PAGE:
The hot material near the black hole outshines almost all the light from rest of the host galaxy, except for the light with wavelengths just less than a millimetre. This sub-millimetre light is invisible to normal telescopes but is seen by the Herschel Space Observatory and indicates the rate at which stars are being formed in the galaxy.
Notes for editors
'The suppression of star formation by powerful active galactic nuclei’, M. Page et al is published in the journal Nature, Thursday 10 May 2012.
Image caption and credit: Active Black Hole Squashes Star Formation NASA/JPL-Caltech/R. Hurt
The Herschel Space Observatory has shown that galaxies with the most powerful, active, supermassive black holes at their cores produce fewer stars than galaxies with less active black holes.
Supermassive black holes are believed to reside in the hearts of all large galaxies. When gas falls upon these monsters, the materials are accelerated and heated around the black hole, releasing great torrents of energy. In the process, active black holes oftentimes generate colossal jets that blast out twin streams of heated matter.
Inflows of gas into a galaxy also fuel the formation of new stars. In a new study of distant galaxies, Herschel helped show that star formation and black hole activity increase together, but only up to a point. Astronomers think that if an active black hole flares up too much, it starts spewing radiation that prevents raw material from coalescing into new stars.
This artistically modified image of the local galaxy Arp 220, captured by the Hubble Space Telescope, helps illustrate the Herschel results. The bright core of the galaxy, paired with an overlaid artist's impression of jets emanating from it, indicate that the central black hole's activity is intensifying. As the active black hole continues to rev up, the rate of star formation will in turn be tamped down in the galaxy. Astronomers want to further study how star formation and black hole activity are intertwined.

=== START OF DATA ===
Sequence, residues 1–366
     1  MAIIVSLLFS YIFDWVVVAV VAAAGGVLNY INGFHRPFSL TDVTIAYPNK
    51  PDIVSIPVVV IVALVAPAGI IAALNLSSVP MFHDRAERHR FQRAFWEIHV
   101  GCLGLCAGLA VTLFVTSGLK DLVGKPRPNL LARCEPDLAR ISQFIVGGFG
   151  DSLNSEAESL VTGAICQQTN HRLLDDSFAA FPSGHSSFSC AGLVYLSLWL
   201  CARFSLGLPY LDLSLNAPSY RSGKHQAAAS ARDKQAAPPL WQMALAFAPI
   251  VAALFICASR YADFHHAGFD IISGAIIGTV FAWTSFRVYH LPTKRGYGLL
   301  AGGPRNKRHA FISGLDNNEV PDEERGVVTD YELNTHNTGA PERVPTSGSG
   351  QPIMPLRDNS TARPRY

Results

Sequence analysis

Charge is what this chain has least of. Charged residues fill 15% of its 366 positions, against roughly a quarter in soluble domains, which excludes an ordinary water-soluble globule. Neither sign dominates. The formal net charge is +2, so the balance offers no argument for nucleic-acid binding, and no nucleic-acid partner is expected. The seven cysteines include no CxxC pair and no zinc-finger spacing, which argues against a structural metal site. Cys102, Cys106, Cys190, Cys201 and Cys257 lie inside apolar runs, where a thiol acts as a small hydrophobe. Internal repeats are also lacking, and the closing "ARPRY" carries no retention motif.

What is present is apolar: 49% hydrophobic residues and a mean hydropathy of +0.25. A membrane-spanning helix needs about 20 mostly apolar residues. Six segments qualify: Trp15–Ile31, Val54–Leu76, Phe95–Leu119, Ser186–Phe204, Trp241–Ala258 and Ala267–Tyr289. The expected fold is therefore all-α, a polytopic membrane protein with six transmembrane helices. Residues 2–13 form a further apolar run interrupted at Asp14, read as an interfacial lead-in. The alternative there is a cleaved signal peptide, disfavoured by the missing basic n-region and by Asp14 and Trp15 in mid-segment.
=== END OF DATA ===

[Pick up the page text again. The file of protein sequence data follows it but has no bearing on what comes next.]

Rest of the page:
HerMES is the Herschel Multi-tiered Extragalactic Survey, an astronomical project to study the evolution of galaxies in the distant Universe. It is the largest project on ESA's Herschel Space Observatory. The project is carried out by a large team, made up primarily of people who built one of the instruments on Herschel called SPIRE. Hermes is also the Olympian messenger god, ruler of travelers, boundaries, weights and measures.
HerMES has mapped large regions of the sky using cameras that are sensitive to infrared radiation. We have discovered over 100 thousand galaxies. The light from most of these galaxies will have taken more than 10 billion years to reach us, which means we see them as they were 3 to 4 billion years after the big bang. Since the cameras are detecting infrared radiation they see star formation that is hidden from conventional telescopes. We expect that our cameras will catch many of the galaxies at the moment they are forming most of their stars. HerMES is led by Prof. Seb Oliver and Dr. Jamie Bock
UK Space Agency
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Prof Seb Oliver: University of Sussex, Email: S.Oliver@sussex.ac.uk, Tel: +44 (0)1273 678852 +44(0)7971 019161
Madeleine Russell Press Officer, UK Space Agency Email: email@example.com Tel: +44 (0)1793 418069
University of Sussex Press office contacts: Maggie Clune and Jacqui Bealing. Tel: 01273 678 888. Email: firstname.lastname@example.org